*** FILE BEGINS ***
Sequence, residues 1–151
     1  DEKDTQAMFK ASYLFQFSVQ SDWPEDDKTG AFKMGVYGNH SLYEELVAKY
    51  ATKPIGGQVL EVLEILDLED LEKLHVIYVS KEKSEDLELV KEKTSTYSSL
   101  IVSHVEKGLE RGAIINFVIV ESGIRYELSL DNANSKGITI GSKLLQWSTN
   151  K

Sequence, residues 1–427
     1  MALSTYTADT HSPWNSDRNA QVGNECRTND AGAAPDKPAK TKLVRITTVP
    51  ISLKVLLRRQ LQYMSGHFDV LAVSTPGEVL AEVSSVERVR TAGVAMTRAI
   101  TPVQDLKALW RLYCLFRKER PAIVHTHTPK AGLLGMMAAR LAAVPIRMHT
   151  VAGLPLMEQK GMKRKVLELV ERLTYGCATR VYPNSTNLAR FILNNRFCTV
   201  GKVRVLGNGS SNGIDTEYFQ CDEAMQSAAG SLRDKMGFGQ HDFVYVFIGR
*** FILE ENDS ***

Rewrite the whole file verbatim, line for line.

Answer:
Sequence, residues 1–151
     1  DEKDTQAMFK ASYLFQFSVQ SDWPEDDKTG AFKMGVYGNH SLYEELVAKY
    51  ATKPIGGQVL EVLEILDLED LEKLHVIYVS KEKSEDLELV KEKTSTYSSL
   101  IVSHVEKGLE RGAIINFVIV ESGIRYELSL DNANSKGITI GSKLLQWSTN
   151  K

Sequence, residues 1–427
     1  MALSTYTADT HSPWNSDRNA QVGNECRTND AGAAPDKPAK TKLVRITTVP
    51  ISLKVLLRRQ LQYMSGHFDV LAVSTPGEVL AEVSSVERVR TAGVAMTRAI
   101  TPVQDLKALW RLYCLFRKER PAIVHTHTPK AGLLGMMAAR LAAVPIRMHT
   151  VAGLPLMEQK GMKRKVLELV ERLTYGCATR VYPNSTNLAR FILNNRFCTV
   201  GKVRVLGNGS SNGIDTEYFQ CDEAMQSAAG SLRDKMGFGQ HDFVYVFIGR